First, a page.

This film has been lauded as a contender for Oscars. Much praise has been lavished on some of its acting performances, particularly on Francis McDormand who plays the lead female character. Other fine actors appear in this movie: Woody Harrelson, Sam Rockwell, and Abbie Cornish, to name a few. The movie was directed and its screenplay written by British/Irish director Martin McDonough, who has a solid track record in both movies and the theatre.
The story is potentially a winner: Mildred Hayes’ (Francis McDormand) daughter has been raped and murdered. The local cops in Ebbing, headed by Chief Willoughby (Woody Harrelson) haven’t solved the crime and appear, after many months, no closer to doing so. Hayes, in anger and frustration, rents three billboards just outside town, and puts messages on them ridiculing the police for their inaction. The cops are incensed, much of the town is incensed, and Hayes is threatened, both verbally and physically. The cops – a racist, sexist, and bigoted lot – are more interested in putting the heat on Hayes than in finding the murderer. Indeed, the thrust of the film is less about finding the murderer, and more about the effects Hayes’ billboards have on the town.
This is a promising and potentially gripping plot. The acting performances are similarly first-rate. McDormand, as the grieving and revengeful Hayes, is superb. I’ve always liked her since I first saw her in “Fargo” way back in 1996. If she wins an Oscar for her work in “Three Billboards”, I for one, will applaud her.* Harrelson as Willoughby, is excellent. His character is tough and racist, but he has a lingering sympathy for Hayes and her predicament. The fact he is dying of cancer also complicates things. His death, halfway through the movie, has unpredictable consequences for the story and his fellow characters. I am not normally a fan of Woody Harrelson, but here, I admired his performance.
Apart from McDormand as Hayes, the other key character upon which much hinges is Sam Rockwell as Dixon, Willoughby’s second-in-charge. Dixon is a super racist, super sexist, super bigoted cop who would have been perfectly happy bashing African-Americans in the South back in the 1950s. He is a nasty, dangerous character. He has no time for Hayes and wants to crush her. Rockwell is superb in this role. He makes you really hate and loathe his character; personally, I’d give him a Best Supporting Actor Oscar.**
So, the film operates on several levels. It looks at the bigotry of small towns. It is a damning indictment of racist, American police forces. It explores sexism – Mildred Hayes must be one of the most put-upon and harassed female characters in recent movies. It is also a pithy, violent comment on what an individual can do if they feel the justice system has cheated them. Hayes’ reactions are violent and extreme, but you can’t help secretly applauding her, she is up against such dreadful people.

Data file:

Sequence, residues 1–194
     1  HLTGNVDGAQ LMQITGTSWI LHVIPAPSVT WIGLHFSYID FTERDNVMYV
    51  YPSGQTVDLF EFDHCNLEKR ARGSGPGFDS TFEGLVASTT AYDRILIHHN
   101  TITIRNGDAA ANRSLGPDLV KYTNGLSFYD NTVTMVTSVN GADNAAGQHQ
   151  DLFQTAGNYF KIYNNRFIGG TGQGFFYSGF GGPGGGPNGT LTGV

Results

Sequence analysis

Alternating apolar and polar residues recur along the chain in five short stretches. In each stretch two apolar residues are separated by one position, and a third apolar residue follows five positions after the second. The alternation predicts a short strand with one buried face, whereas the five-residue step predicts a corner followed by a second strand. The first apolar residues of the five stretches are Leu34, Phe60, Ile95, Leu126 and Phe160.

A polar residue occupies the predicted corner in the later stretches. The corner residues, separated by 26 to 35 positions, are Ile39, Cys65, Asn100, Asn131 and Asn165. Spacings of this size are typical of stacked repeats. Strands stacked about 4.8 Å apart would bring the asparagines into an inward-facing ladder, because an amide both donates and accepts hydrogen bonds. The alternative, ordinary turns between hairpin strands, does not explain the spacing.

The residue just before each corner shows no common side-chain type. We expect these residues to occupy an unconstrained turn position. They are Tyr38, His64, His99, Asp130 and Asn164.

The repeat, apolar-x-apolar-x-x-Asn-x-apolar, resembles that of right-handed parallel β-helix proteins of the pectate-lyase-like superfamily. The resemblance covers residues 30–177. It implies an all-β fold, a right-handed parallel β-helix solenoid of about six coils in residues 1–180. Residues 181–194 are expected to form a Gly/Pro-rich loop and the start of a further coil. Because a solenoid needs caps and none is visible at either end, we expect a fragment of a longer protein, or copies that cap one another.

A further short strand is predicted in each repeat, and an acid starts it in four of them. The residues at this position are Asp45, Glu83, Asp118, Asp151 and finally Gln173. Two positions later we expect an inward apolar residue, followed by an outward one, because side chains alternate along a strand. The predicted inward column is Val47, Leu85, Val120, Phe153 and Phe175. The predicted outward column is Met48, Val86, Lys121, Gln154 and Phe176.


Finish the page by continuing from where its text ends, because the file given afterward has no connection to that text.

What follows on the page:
And yet, the movie has several serious flaws. One, is the ending. Open-ended, ambiguous, and (I thought) almost completely irrelevant to the central plot-line. All in all, unconvincing and weak. Two, the character of Dixon (Rockwell). For much of the film, he is violent, bigoted, brutish, and utterly dangerous as the archetypal corrupt cop. Then, he suddenly has some sort of an epiphany brought on by his boss’ (Willoughby) death, and becomes likeable, sympathetic, and supportive of Hayes (McDormand). This kind of thing might happen on the road to Damascus, but after you have just been firebombed by your archenemy Hayes? Oh come on! It just doesn’t gel with the (previously) violent and abusive Dixon we have come to know and hate/love. It rang false, it looked false, and just didn’t convince.
Then, finally, there was the dreadful language. Now, I know the characters in the story are largely from the lower, uneducated working classes who can be expected to talk rough and tough, but I thought the cursing and foul language here was over the top. I think I have written this before, but I am heartily sick of otherwise good, modern American films being ruined because producers and writers somehow think rotten language shows how “real” and “relevant” their movies are. Piffle! All it shows is how un-inventive and bereft of vocabulary are some modern movie writers. Think hard before you take your old-world, elderly relative to see this film.
So, I must say I only partly enjoyed this movie. It is worth seeing for the stellar performances of McDormand, Harrelson, and Rockwell. I hope they gain an Oscar or two. But otherwise, I was less than impressed with some aspects of the film.
I can only give this film a rating of 3 ½ stars out of five.
* She got one – Best Actress.
** He got it! Best Supporting Actor.